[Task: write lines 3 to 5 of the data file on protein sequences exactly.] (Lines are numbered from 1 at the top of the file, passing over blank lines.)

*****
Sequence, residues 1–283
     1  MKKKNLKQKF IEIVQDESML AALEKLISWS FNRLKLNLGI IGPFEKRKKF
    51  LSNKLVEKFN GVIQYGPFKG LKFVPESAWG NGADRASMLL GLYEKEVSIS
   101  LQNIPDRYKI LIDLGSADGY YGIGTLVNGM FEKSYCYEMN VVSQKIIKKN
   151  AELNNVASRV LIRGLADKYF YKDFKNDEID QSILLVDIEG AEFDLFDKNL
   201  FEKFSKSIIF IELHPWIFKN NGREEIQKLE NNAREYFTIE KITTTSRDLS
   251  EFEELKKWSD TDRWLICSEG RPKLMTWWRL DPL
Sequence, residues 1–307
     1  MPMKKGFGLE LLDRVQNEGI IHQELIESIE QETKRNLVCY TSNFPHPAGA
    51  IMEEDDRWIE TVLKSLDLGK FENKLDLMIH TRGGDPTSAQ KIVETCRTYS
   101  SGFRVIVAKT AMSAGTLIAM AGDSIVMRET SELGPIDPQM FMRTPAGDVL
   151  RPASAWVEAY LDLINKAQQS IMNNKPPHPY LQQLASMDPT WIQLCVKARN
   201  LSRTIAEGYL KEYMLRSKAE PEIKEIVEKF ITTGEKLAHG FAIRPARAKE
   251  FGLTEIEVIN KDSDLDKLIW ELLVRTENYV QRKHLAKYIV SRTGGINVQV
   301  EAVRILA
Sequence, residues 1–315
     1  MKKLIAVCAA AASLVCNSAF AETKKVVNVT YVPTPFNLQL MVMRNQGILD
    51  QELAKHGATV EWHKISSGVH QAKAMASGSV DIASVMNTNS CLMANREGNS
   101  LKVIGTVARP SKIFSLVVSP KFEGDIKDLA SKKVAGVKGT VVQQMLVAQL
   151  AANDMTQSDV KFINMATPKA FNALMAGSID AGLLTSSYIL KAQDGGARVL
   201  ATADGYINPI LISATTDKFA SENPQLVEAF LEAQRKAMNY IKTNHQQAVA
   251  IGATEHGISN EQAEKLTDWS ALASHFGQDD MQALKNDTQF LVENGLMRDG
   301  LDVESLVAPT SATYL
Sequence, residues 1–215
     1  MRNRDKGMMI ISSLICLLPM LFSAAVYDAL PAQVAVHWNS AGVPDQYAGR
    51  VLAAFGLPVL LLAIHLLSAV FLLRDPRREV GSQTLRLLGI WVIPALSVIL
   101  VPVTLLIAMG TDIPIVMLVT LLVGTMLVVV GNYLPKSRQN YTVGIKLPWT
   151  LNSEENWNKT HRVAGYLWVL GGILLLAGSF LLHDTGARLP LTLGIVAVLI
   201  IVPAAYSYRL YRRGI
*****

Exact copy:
    51  LSNKLVEKFN GVIQYGPFKG LKFVPESAWG NGADRASMLL GLYEKEVSIS
   101  LQNIPDRYKI LIDLGSADGY YGIGTLVNGM FEKSYCYEMN VVSQKIIKKN
   151  AELNNVASRV LIRGLADKYF YKDFKNDEID QSILLVDIEG AEFDLFDKNL